Karl Deuben and Bill Leavy, chefs and co-owners of Small Axe Truck, have gathered a loyal following with their Portland-based food truck. They have also made no secret of their desire to run a brick and mortar restaurant, which surfaced again in September when a familiar food truck for sale ad was spotted on Craigslist Boston. Still, nothing was set in stone, Deuben said.
It appears the stars have finally aligned: Deuben and Leavy announced via Facebook that they will purchase the East Ender in January 2015, and have again placed Small Axe for sale on Craigslist Maine.
According to the post, the duo will close East Ender for "some remodeling" and hope to reopen in late February or early March. The plan is to retain the East Ender brand and continue "the commitment to local ingredients and creative, high quality food that our customers have come to expect" at the "comfortable, neighborhood spot."
Deuben and Leavy note that the move brings them full circle: "Our journey for a brick and mortar space has taken us around Portland only to bring us back to the street where we first met and worked together" at Hugo's. The chefs did not respond immediately to a request for further comment.
Eater reached out to Meg Schroeter, owner of East Ender, to ask about her feelings on the sale. She shared an official statement and then answered additional questions:
I could not have hand picked a better pair than Karl and Bill to sell East Ender to! I am excited to see all the success they will achieve moving forward at 47 Middle. I am infinitely grateful for all of the support and love from my staff, regular guests, friends, and family. Over the past 4 years you all have been paramount in helping me see through my dream and make it a reality. I look forward to seeing you all over the next 7 weeks while I enjoy my last days doing what I love most, sharing delicous food and drink in one of the warmest and most hospitable environments in Portland.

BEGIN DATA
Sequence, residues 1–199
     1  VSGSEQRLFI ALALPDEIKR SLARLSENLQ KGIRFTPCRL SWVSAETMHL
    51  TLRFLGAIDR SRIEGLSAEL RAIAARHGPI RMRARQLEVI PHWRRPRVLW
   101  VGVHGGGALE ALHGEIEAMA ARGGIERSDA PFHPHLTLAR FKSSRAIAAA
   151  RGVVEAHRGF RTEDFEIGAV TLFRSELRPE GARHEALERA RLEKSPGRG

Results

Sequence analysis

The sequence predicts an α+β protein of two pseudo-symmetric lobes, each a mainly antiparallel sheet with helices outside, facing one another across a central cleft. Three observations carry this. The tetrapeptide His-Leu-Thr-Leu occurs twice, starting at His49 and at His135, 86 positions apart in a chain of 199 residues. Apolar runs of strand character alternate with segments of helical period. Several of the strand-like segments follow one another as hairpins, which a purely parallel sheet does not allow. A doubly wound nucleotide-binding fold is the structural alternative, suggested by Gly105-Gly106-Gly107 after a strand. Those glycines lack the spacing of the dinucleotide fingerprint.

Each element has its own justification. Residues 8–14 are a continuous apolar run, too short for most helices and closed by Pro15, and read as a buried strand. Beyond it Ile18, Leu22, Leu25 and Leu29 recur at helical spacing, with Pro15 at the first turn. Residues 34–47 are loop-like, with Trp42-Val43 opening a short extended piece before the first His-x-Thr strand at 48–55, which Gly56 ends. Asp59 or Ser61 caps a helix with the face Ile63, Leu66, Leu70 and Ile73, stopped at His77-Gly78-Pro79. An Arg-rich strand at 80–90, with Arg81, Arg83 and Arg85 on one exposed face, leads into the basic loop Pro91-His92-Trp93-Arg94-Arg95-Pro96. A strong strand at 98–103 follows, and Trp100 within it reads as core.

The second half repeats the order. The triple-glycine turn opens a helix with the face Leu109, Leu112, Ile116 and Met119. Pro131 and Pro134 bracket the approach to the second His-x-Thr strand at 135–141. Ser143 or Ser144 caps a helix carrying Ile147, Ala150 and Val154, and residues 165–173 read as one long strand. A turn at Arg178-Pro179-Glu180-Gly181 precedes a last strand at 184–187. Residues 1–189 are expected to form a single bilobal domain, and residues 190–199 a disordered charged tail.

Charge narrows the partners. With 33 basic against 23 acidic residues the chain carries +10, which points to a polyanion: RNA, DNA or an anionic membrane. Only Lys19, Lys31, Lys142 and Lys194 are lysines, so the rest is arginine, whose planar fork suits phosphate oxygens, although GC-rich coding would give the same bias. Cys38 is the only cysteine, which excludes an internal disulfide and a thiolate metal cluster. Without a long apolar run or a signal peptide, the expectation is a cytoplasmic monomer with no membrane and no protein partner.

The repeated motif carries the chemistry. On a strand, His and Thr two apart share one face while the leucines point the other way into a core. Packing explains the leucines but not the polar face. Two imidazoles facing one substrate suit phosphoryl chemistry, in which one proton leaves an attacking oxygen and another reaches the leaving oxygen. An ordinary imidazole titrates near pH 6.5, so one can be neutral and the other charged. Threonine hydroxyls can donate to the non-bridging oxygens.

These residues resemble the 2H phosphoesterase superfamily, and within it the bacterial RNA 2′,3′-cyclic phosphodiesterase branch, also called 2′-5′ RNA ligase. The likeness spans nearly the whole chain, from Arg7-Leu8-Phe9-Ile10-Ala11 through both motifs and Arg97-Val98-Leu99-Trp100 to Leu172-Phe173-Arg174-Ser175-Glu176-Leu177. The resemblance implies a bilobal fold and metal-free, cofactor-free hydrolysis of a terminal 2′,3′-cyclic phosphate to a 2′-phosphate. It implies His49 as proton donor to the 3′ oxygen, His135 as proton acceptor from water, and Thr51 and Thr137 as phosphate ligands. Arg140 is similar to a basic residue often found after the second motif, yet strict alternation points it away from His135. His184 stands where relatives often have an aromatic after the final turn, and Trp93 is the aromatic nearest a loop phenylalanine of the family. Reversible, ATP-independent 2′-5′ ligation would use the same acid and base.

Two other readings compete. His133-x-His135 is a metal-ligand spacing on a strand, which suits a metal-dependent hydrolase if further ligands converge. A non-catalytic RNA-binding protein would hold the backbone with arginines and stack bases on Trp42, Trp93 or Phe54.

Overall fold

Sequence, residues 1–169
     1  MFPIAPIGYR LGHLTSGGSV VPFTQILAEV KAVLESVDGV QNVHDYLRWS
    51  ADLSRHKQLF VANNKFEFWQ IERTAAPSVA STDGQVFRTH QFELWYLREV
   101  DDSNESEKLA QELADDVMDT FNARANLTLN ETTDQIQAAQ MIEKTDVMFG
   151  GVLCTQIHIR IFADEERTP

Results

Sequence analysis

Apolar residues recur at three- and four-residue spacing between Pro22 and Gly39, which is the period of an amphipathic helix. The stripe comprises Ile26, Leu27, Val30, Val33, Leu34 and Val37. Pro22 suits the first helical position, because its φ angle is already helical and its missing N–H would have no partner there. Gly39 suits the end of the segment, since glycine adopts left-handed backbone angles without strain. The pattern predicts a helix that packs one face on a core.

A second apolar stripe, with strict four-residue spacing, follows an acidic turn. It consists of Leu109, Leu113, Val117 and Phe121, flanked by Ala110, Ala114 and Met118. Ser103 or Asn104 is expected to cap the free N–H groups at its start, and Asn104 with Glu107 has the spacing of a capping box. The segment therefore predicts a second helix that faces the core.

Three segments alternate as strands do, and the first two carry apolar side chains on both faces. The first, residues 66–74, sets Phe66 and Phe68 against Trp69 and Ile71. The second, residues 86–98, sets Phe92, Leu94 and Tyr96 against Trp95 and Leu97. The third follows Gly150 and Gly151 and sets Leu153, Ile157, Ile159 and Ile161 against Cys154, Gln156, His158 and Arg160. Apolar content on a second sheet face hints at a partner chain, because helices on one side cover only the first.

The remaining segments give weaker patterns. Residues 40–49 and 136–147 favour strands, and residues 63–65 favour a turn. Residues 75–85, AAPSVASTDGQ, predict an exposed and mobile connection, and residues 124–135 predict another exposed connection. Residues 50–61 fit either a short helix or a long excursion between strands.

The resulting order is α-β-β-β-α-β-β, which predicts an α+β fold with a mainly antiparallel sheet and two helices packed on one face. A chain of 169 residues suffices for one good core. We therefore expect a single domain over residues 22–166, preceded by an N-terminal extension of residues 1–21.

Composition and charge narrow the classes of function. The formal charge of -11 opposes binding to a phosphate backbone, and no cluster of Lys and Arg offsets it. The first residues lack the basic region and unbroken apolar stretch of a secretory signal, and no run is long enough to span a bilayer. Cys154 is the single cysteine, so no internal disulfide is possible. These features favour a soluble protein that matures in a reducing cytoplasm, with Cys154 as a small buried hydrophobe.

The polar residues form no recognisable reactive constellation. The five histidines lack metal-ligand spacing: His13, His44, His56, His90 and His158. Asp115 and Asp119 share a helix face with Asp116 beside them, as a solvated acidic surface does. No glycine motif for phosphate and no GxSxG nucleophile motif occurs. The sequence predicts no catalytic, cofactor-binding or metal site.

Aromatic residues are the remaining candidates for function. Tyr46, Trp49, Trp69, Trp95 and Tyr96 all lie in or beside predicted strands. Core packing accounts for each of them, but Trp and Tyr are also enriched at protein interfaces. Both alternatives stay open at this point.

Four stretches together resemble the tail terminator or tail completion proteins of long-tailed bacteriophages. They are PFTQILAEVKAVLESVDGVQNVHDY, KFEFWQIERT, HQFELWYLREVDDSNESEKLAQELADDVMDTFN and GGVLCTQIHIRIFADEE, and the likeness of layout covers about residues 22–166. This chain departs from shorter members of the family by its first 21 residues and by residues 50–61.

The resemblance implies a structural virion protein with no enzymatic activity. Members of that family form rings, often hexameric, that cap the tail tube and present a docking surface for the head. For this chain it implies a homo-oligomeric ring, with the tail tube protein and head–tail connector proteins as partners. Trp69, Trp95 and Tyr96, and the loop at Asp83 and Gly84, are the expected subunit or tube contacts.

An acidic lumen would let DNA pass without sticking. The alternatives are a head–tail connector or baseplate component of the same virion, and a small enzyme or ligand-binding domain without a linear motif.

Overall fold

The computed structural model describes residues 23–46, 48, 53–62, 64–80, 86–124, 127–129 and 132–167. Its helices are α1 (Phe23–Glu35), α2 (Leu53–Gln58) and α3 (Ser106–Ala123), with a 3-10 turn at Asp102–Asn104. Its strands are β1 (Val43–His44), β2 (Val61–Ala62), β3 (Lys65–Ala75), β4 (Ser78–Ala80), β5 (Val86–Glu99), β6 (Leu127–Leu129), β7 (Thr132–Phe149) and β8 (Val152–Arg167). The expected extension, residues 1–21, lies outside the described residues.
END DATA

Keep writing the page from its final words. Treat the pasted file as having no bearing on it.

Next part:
It seemed like East Ender couldn't quite draw the crowd that neighbors like Eventide and Duckfat could, but it also seemed like the spot was a local favorite for many who would suggest it to visitors as an alternative to the places with long waits. Are these accurate assessments?
Schroeter: None of your assessments about East Ender are correct. The business was and is continuing to break sales records and increase our reach while enjoying a constant outpouring of praise from our neighborhood, community, and out of town guests. The business has achieved annual growth of 51%, 27%, and are 32% respectively from Jan 2011 until present.
How did you reach the decision to sell?
Schroeter: As an entrepreneur your best case scenario is to create and build a profitable business and then sell it. The cherry on top here is that the buyers are two chefs whom I respect and whose cuisine I thoroughly enjoy.
What's next for you?
Schroeter: I am looking forward to taking some time off this winter. Hopefully lots of snowboarding. Pray for snow!
Any big going-away parties or events planned for the business in its last months?
Schroeter: It's business as usual until we close the deal in January. Our last service will be December 31, 2014.